Monday, April 11, 2011

[Youtube] Nunchuk + DC Motor Controller demo

The motor controller now works in one direction. See the Youtube video below for a demonstration:

Saturday, April 9, 2011

Forward direction + brake works

The controller works in the forward direction. Speed control and braking works. Pictures and videos will be uploaded soon.

So far I have been following's h-bridge design. However, it requires AND gates. After attempting it in the lab today, I'm now abandoning that idea. It takes too many wires to do it, and the logic can be programmed in the Arduino. With this new philosophy, all of the logic will be handled by the Arduino. The number of output lines from the Arduino to the H-bridge will increase from 3 to 4, but the overall amount of wiring will decrease, and so will the overall footprint.

H-Bridge Controller Prototype

I've built a prototype program for controlling the H-Bridge. It should be able to do forward and reverse with braking and direction switching. There is no safety feature for direction switching, so you must manually slow down before you do it. Tomorrow everything will be hooked up. Something is guaranteed to blow up, but hopefully it's not the Arduino or the Nunchuk.

Friday, April 8, 2011

Youtube video and pictures

I finally have some pictures and stuff to post.

Here's a Youtube video of the Nunchuk, Arduino, and LED display working together:

Wednesday, April 6, 2011

7-Segment Serial Display from Sparkfun

The 7-Segment Serial Display from Sparkfun came in the mail today. Arunet has a good guide for this product: Here's some notes.

- After using it for about 4 minutes the brightness went down. Do this to get it back to maximum brightness:


- Changing the baud rate was a little tricky. Sending it "127" and then "4" doesn't work, nor does "1276." I did:


And finally it changed the baud rate to 19200.

- If it starts showing dots when you don't want them, do this:


and the dots should go away.

Monday, April 4, 2011

LED Display Ordered, Hardware assembled

Checked out a DC motor today from school, and got the H-bridge from my ex-lab partner. Also ordered the LED display from the previous post.

Saturday, April 2, 2011

LED Display and Over-current Protection Ideas

I am considering buying an LED display for this project. It would be used to display the value of the PWM signal sent to the H-bridge, as a percentage (i.e. the duty cycle). This would be good because I wouldn't have to use the Serial port on my computer to monitor this value. This 7-segment, 4-character LED display from Sparkfun looks good:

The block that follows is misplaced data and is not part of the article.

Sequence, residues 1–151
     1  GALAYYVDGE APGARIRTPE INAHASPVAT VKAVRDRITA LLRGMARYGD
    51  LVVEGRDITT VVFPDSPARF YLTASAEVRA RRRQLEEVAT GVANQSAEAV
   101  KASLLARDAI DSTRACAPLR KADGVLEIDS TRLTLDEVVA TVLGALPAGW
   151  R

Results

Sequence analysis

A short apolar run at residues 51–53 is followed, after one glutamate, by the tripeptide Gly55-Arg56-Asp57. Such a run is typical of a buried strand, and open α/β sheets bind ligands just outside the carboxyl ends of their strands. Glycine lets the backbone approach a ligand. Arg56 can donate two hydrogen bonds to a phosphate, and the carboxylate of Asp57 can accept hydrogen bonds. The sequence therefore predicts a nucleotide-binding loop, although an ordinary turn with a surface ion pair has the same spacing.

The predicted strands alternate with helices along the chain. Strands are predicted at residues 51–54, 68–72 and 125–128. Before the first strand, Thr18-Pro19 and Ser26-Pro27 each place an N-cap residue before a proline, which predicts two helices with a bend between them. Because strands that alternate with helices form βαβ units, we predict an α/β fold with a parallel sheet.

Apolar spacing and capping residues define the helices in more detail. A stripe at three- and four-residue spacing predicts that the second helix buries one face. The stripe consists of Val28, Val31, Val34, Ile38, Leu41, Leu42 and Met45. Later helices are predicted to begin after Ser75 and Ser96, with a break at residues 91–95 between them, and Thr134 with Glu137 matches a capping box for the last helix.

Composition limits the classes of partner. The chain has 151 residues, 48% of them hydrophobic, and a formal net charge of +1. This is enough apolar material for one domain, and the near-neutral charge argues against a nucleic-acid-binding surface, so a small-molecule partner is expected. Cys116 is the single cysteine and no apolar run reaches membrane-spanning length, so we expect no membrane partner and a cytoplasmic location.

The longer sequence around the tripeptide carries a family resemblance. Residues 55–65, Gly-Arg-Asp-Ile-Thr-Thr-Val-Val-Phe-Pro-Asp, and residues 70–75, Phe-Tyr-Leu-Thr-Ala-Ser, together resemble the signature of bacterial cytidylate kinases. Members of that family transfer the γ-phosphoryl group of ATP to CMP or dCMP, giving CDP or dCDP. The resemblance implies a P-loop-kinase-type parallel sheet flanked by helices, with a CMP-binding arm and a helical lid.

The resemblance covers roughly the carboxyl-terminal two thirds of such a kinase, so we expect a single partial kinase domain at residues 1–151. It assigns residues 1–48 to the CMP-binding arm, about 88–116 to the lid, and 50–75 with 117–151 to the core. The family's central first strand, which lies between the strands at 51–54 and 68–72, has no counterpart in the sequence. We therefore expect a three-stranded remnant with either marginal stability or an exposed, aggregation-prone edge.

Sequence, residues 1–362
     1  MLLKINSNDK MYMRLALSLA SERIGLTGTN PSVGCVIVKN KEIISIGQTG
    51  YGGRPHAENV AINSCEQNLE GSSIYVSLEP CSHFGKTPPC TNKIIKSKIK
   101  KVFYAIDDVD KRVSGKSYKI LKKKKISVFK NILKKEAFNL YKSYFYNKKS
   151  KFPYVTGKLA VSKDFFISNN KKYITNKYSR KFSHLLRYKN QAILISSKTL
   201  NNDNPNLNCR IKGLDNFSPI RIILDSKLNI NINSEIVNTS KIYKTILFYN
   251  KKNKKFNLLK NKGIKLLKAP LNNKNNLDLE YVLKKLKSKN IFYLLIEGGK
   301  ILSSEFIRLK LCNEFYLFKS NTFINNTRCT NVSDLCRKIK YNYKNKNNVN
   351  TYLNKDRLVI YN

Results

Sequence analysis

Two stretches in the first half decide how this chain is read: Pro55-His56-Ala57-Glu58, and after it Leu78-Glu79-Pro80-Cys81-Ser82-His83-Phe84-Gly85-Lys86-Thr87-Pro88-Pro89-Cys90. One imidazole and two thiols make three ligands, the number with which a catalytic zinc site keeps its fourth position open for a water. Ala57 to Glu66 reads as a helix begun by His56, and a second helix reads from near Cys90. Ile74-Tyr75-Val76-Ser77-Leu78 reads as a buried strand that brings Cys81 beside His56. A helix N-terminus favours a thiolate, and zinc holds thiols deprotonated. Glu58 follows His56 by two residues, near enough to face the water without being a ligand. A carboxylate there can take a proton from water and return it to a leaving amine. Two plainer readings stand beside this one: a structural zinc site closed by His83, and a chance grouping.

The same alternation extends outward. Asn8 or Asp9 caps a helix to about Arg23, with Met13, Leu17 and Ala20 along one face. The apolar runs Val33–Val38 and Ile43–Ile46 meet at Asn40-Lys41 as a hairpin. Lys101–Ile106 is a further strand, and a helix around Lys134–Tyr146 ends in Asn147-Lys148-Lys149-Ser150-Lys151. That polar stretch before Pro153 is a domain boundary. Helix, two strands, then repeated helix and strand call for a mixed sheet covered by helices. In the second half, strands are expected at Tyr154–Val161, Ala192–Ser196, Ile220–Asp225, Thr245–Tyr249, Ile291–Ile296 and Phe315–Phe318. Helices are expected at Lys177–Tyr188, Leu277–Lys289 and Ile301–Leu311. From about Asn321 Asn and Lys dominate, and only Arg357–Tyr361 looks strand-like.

There's a good tutorial here: on how to use it. This particular display can use both NewSoftSerial and SPI, but apparently there is a bug in the SPI implementation:

Over-current protection is still a problem. I need some sort of feedback. Implementing it will cost money. It's not that expensive (Sparkfun sells one:, but I'm running out of cash to spend. I'll probably have to settle for some auto-delay function when you switch directions, that will automatically slow the motor down before you apply counter-current.

Friday, April 1, 2011

More Nunchuk Action

Test code up and running. Speed control, braking, and direction switching coded. Motor is not yet hooked up. Direction switching will have to be idiot proof.

You should to decelerate to zero (or close to it) before you switch, or else the motor literally jumps. it's hard to guarantee this without feedback from the motor. For now a delay/deceleration time of 3 seconds has been coded in. The applied voltage is slowly brought down to zero, and then the motor freewheels during this time. This time should be set to the worse-case scenario (initiating a direction switch while going full speed), which will be determined when the motor is hooked up.

The Nunchuk is working fine. I did have a problem where it wasn't communicating with the Arduino for a while. I discovered that the Nunchuk adapter must be soldered to wires or a header for the connection to be reliable. For now I just use my fingers to hold the header to the adapter, but eventually it needs to be soldered together. I might have to order another adapter in case I don't solder it right.